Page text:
Eventually I did see them again. The handsome one invited me down town. He said there was someone he wanted to introduce to me. We arranged to meet in front of the Shanghai museum. It’s a big round building with large Chinese lions guarding the entrances. The bus we both had to take into town spit everyone up on the large square in front of the building. When I swept out of the bus with the rest of the crowd, he was there waiting with his girlfriend. He’d said he’d wanted me to meet someone, but I hadn’t realized it was his girlfriend. Girlfriend? Why was he hitting on me earlier then? Was I just imagining that? But if I was, what happened to that English he wanted me to teach him, but he had never had the time for that seemed like a pretense to talk to me?
It was pouring rain that day and I was wearing a floor length brown skirt that was soaked up to the knee by noon. Shanghai can be very rainy. We had met at ten and what proceeded was one of the most boring days I spent in China. We looked at shops with uninteresting merchandise scattered about the shelves, we took photo stickers with cutesy boarders that they thought I should put on my cell phone (no thanks! Too narcissistic for me.) and we talked of uninteresting things. At lunch time we met the friendly guy, his girlfriend and the handsome one’s ‘big brother’ AKA good friend. I was instructed to give his brother my name card and we had a mediocre lunch at some expensive chain restaurant. They had originally wanted to go to the ever popular KFC, but I laughed too hard. The males insisted on paying and were fascinated that I would even suggest paying my part. What were men like in the United States that I should even entertain such a notion? Come afternoon the couples split off and I was left with the other guy, because he was killing time waiting for his wife to get back into town and I had plans to go to Pan’s for dinner that was still a few hours away. My boxes had finally arrived and I was going to her parent’s place to pick them up.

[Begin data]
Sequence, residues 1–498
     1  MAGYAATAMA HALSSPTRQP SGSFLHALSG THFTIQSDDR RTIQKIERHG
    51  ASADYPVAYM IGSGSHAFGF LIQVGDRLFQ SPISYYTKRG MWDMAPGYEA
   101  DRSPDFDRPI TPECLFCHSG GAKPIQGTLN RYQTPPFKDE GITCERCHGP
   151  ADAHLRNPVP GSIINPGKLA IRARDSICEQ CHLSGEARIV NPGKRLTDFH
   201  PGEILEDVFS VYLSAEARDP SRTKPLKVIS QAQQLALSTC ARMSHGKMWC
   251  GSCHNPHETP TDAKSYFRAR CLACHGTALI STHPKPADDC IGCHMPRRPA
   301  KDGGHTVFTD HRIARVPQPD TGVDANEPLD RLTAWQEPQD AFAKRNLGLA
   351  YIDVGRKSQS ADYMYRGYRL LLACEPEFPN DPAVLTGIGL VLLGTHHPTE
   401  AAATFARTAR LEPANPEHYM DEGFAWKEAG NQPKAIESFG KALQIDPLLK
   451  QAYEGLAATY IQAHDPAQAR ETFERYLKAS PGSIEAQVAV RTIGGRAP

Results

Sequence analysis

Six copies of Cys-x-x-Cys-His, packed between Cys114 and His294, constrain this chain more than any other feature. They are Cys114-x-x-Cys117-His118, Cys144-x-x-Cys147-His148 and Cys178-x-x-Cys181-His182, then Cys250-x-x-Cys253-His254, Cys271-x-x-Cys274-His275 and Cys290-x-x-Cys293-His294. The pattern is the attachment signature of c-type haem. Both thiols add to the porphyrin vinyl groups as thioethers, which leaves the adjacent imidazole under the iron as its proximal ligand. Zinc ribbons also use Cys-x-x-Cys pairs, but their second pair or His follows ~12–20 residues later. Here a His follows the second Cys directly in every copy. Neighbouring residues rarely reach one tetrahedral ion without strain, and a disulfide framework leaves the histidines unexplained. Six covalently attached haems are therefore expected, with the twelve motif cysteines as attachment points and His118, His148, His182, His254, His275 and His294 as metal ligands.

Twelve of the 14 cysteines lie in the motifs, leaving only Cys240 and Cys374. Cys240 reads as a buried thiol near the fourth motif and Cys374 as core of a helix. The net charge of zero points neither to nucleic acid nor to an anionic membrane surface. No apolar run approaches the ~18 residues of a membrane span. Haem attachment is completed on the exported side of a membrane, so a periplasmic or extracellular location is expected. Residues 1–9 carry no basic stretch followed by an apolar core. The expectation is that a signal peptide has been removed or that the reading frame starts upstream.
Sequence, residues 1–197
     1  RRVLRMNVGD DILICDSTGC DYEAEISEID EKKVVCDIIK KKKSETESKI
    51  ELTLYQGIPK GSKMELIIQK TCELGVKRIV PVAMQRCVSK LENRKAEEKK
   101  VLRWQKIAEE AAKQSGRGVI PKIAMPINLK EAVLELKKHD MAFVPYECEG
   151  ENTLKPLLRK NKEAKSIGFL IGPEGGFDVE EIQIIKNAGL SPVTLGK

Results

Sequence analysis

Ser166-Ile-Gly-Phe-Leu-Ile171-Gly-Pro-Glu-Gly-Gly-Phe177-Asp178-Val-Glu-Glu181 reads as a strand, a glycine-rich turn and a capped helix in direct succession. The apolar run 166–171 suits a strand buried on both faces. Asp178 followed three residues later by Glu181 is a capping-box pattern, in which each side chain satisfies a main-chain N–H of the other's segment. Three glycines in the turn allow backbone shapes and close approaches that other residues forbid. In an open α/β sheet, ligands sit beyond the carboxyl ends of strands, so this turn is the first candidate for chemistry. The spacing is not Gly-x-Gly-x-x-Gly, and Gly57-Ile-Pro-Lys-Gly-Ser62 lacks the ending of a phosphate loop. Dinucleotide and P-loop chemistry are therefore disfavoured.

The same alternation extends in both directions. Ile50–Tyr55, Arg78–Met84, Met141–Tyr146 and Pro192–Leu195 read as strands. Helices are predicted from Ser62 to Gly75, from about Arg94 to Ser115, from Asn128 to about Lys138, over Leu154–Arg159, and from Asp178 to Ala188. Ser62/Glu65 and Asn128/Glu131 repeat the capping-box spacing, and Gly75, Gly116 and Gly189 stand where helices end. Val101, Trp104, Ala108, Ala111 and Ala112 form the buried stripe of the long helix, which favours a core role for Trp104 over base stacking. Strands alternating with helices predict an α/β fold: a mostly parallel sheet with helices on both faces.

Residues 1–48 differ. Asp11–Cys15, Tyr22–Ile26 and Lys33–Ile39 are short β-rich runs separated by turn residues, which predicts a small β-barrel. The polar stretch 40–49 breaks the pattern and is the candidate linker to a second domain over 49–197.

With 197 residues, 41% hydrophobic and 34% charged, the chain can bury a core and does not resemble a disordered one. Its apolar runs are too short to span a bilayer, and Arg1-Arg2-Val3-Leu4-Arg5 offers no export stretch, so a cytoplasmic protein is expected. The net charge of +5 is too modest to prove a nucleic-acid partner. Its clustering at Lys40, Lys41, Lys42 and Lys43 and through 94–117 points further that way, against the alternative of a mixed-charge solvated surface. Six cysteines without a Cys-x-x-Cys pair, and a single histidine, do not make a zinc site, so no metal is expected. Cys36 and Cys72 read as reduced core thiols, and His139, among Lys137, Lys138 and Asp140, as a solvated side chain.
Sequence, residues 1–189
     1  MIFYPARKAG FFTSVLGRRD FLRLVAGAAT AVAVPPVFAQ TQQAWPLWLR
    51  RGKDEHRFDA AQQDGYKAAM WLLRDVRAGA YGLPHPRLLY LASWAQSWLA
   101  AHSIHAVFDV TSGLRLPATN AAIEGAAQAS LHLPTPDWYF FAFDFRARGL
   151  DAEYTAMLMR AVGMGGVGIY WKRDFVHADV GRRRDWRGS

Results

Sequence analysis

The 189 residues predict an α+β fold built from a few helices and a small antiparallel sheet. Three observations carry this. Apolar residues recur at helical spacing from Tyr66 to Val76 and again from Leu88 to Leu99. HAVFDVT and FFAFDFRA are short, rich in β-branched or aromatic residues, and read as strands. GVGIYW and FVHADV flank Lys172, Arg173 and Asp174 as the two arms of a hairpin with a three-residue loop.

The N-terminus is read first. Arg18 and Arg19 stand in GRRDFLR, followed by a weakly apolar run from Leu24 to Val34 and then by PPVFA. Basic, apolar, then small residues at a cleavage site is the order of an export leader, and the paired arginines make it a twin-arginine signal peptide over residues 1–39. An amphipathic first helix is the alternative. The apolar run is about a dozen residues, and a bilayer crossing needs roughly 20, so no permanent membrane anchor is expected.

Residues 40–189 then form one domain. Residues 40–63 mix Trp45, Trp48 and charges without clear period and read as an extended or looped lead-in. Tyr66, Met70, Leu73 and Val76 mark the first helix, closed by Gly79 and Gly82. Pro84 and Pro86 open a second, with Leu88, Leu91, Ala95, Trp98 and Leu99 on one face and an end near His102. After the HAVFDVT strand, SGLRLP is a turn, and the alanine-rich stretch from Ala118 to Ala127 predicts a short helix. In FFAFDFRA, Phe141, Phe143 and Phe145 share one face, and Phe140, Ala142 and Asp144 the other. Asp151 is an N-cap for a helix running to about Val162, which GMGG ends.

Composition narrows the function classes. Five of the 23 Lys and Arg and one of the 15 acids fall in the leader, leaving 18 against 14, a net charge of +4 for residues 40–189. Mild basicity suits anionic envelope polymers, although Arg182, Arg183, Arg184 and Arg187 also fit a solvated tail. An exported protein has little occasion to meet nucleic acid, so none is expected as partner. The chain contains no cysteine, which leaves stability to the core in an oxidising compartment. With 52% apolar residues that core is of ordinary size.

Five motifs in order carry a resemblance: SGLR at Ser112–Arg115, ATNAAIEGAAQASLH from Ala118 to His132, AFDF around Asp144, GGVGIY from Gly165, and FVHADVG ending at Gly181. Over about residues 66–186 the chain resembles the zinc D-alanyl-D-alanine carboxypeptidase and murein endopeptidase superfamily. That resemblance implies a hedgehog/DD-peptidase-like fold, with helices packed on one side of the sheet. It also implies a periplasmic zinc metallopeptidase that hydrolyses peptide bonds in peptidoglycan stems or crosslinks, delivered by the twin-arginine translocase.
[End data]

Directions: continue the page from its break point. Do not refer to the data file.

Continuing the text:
He was the nicest of the bunch and we actually had some pretty interesting conversations. We went to another western chain for tea. He was very concerned that I would be lost as Pan had yet to give me instructions. In the end we parted company with him saying that I must meet his wife sometime. I said I would be sure to invite them over in the near future.
That was the last I saw of them. They were always too busy to get together. The friendly one would bug me about whether I had found a boy friend yet, the answer was always no. After a while he started asking me why, not taking my just having got there as an excuse. I started to say that it was my personality, which he said I should change. I didn’t like him at all then.
Dinner at Pan’s house was fairly uneventful. The important part was that I finally got my boxes. Sadly the reality was that they contained nothing I really wanted or needed. The computer was too old and wouldn’t support Chinese characters, so I had to still use Pan’s. The winter clothes I had packed were too cool, though I did get great use out of the long skirts I had sent myself. The winter coat was also insufficient and half of the books I never got around to reading. That isn’t to say that I didn’t appreciate them. One can’t read Chinese comics everyday and something in my native tongue was a nice change.
I sometimes worried about my social life. It wasn’t that I didn’t meet people, it just seemed that the only people I formed real relationships with were people roughly my parents’ age. For a while I checked out the personals on the That’s Shanghai website. I even found a young couple that wanted to go traveling. I met them once and we had a whole trip to Hangzhou planned out. It was going to be me, Jackie, her boyfriend and her Indian friend Rahul. Everything was planned out, the hotel reservations, the tickets and time off from work, but they all canceled on me. They wanted to postpone it, but I opted to go alone. Who needed such unreliable companions anyway? Next stop the old capital Hangzhou!